Objective To investigate the association of non-steroidal anti-inflammatory drugs (NSAIDs) and the risk of atrial fibrillation in a prospective community-based follow-up study of elderly individuals with uniform case assessment and data on potential confounders.
Design Data came from the population-based follow-up study, the Rotterdam Study.
Participants The study comprised 8423 participants without atrial fibrillation at baseline.
Main outcome measures Atrial fibrillation was ascertained from ECG assessments as well as medical records. Use of NSAIDs was obtained from automated prescription records by linkage with participating pharmacies. We used Cox proportional hazards models to study the association between NSAID drug use and atrial fibrillation. Use of NSAIDs was included in the model as a time-varying variable.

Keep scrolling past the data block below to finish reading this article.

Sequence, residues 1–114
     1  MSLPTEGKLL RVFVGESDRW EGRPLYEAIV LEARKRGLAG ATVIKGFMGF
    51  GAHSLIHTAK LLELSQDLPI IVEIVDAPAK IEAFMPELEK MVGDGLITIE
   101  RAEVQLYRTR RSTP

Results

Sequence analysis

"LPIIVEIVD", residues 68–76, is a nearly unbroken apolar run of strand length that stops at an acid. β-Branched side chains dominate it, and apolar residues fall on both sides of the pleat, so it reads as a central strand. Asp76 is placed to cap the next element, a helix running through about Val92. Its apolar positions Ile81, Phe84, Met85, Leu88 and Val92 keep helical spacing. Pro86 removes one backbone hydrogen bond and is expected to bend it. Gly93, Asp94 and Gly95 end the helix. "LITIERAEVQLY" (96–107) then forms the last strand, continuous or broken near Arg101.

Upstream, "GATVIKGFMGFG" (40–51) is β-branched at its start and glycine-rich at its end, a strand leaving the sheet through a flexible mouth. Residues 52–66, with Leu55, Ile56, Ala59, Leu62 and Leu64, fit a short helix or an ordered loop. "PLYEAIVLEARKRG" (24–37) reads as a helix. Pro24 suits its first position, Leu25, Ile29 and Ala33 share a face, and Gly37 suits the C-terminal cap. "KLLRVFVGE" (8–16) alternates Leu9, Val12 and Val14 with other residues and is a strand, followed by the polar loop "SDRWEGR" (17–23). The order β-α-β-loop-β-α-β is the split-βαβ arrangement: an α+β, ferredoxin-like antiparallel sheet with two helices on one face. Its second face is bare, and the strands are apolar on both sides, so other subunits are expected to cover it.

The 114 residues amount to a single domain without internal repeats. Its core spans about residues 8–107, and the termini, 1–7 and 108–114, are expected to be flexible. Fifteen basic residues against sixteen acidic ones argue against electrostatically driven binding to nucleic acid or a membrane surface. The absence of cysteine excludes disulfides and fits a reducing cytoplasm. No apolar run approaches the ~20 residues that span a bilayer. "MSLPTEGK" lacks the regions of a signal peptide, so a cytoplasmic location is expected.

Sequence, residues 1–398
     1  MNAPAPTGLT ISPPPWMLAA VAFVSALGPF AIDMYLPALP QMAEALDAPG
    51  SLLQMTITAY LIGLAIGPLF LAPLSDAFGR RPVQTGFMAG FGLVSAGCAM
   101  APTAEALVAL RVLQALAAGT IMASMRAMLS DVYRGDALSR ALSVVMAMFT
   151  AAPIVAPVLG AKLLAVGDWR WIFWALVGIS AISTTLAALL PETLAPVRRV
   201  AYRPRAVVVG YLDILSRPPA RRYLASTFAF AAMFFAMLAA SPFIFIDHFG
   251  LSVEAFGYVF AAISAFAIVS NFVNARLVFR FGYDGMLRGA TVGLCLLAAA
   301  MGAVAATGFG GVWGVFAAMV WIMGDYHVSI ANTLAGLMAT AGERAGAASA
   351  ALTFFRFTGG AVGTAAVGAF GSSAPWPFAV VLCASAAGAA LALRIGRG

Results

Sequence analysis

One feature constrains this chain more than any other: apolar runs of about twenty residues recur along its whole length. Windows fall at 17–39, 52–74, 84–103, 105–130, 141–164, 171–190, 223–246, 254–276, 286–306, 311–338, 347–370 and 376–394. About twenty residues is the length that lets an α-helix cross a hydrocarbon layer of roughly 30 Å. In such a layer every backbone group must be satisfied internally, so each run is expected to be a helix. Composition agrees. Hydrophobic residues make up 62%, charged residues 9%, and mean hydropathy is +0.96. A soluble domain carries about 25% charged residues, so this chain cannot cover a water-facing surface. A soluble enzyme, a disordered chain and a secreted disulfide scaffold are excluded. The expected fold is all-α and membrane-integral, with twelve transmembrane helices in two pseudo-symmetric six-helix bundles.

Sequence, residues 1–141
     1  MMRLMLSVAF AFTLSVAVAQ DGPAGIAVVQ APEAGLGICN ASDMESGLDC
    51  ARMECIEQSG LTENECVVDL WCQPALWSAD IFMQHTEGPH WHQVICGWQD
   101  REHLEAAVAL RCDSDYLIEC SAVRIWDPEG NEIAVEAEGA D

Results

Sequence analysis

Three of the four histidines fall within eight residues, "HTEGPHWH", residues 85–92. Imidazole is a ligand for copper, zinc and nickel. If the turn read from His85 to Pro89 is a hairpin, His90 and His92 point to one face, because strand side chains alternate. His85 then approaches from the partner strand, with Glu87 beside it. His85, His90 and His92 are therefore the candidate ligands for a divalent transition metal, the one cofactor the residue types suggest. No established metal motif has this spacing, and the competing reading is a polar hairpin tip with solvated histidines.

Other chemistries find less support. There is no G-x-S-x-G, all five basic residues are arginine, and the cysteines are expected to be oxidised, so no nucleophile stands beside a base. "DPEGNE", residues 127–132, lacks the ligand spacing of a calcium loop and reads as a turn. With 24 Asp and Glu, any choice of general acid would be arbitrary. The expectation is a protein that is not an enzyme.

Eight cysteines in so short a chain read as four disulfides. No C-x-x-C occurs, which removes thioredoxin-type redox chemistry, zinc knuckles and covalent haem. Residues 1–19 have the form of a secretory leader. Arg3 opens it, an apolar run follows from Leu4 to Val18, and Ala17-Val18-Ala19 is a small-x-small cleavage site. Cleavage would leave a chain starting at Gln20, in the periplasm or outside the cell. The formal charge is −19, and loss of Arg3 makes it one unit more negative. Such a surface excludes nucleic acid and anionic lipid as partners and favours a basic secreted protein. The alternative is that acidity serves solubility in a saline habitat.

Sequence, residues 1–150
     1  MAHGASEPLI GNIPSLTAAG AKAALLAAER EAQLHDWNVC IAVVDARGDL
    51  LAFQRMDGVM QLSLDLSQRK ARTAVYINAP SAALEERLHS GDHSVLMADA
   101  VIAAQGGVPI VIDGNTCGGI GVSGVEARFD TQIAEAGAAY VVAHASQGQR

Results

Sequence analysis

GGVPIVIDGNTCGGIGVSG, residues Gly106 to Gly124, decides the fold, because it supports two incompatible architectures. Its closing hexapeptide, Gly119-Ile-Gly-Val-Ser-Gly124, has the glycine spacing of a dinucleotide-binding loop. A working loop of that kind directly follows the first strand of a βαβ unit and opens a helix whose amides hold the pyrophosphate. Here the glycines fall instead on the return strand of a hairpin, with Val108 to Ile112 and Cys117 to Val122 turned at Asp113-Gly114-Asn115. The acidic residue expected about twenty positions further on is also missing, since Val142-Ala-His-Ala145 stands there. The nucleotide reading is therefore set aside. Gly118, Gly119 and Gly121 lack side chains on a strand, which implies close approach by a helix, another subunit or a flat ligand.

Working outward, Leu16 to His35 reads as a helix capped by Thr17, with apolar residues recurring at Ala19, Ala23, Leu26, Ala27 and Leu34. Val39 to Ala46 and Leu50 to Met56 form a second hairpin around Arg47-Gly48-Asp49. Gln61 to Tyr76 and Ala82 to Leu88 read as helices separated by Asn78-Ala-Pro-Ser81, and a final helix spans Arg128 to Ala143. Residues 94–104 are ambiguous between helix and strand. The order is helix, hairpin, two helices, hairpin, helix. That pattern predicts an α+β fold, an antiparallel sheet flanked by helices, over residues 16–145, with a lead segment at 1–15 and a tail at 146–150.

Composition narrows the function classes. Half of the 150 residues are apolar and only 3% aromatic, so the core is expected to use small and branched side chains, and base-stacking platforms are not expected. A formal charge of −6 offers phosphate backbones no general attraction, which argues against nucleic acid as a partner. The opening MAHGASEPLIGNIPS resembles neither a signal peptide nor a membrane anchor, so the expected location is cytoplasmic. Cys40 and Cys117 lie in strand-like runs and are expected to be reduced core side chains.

Results At baseline, the mean age of the study population was 68.5 years (SD: 8.7) and 58% were women. During a mean follow-up of 12.9 years, 857 participants developed atrial fibrillation. Current use of NSAIDs was associated with increased risk compared with never-use (HR 1.76, 95% CI 1.07 to 2.88). Also, recent use (within 30 days after discontinuation of NSAIDs) was associated with an increased risk of atrial fibrillation compared with never-use (HR 1.84, 95% CI 1.34 to 2.51) adjusted for age, sex and several potential confounders.
Conclusions In this study, use of NSAIDs was associated with an increased risk of atrial fibrillation. Further studies are needed to investigate the underlying mechanisms behind this association.
This is an Open Access article distributed in accordance with the Creative Commons Attribution Non Commercial (CC BY-NC 3.0) license, which permits others to distribute, remix, adapt, build upon this work non-commercially, and license their derivative works on different terms, provided the original work is properly cited and the use is non-commercial. See: http://creativecommons.org/licenses/by-nc/3.0/
Statistics from Altmetric.com
If you wish to reuse any or all of this article please use the link below which will take you to the Copyright Clearance Center’s RightsLink service. You will be able to get a quick price and instant permission to reuse the content in many different ways.
Strengths and limitations of this study